|Cain Monologue by Lord Byron|
- CAIN: And this is Life? Toil!
- And wherefore should I toil? because
- My father could not keep his place in Eden?
- What had I done in this? I was unborn:
- I sought not to be born; nor love the state
- To which that birth has brought me. Why did he
- Yield to the Serpent and the woman? or
- Yieldingwhy suffer? What was there in this?
- The tree planted, and why not for him?
- If not, why place him near it, where it grew
- The fairest in the center? They have but
- One answer to all questions, "'Twas his will,
- And he is good." How know I that? Because
- He is all-powerful, must all-good, too, follow?
- I judge but by the fruitsand they are bitter
- Which I must feed on for a fault not mine.
- Why do I exist? Why art all things wretched?
- Ev'n he who made us must be, as the maker
- Of things unhappy! To produce destruction
- Can surely never be the task of joy,
- And yet my sire says he's omnipotent:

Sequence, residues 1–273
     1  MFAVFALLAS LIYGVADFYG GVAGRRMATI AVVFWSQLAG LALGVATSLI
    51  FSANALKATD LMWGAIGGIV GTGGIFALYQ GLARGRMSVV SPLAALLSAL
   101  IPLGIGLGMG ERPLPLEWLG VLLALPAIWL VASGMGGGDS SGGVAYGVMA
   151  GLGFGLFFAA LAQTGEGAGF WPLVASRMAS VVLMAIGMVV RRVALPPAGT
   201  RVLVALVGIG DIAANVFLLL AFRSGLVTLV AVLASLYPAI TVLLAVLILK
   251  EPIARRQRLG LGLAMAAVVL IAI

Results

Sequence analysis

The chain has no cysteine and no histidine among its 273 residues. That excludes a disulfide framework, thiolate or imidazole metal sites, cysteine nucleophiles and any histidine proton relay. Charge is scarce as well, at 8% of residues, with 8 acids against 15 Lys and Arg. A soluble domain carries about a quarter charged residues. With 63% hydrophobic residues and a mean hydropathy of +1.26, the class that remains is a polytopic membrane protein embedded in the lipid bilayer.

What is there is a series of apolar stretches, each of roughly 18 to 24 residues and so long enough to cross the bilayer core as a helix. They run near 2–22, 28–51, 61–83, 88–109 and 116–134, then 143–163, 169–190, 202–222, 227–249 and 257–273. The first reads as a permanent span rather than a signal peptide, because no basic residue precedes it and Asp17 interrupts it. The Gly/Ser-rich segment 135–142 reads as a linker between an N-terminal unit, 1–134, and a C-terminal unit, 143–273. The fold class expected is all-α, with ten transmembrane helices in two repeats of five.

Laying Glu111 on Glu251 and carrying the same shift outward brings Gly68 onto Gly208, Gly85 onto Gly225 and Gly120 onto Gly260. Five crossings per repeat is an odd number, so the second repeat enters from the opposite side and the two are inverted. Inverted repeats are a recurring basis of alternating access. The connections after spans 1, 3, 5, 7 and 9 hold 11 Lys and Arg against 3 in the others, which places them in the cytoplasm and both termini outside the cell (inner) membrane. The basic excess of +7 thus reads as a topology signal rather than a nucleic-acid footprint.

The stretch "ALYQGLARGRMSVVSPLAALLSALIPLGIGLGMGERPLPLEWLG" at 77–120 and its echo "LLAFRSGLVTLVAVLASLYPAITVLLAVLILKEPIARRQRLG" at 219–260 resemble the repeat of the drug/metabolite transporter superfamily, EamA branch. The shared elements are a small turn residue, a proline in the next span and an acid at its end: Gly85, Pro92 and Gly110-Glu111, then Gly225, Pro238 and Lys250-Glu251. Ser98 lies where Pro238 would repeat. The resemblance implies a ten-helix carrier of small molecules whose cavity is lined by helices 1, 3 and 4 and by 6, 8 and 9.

- Then why is Evilhe being Good? I asked
- This question of my father; and he said,
- Because this Evil only was the path
- To Good. Strange good, that must arise from out
- Its deadly opposite. I lately saw
- A lamb stung by a reptile: the poor suckling
- Lay foaming on the earth, beneath the vain
- And piteous bleating of its restless dam;
- My father plucked some herbs, and laid them to
- The wound; and by degrees the helpless wretch
- Resumed its careless life, and rose to drain
- The mother's milk, who o'er it tremulous
- Stood licking its reviving limbs with joy.
- Behold, my son! said Adam, how from Evil springs Good!
- But I thought, that 'twere a better portion for the animal
- Never to have been stung at all than to
- Purchase renewal of its little life
- With agonies unutterable, though
- Dispelled by antidotes.
Credits: Reprinted from Lord Byron: Six Plays. Lord Byron. Los Angeles: Black Box Press, 2007.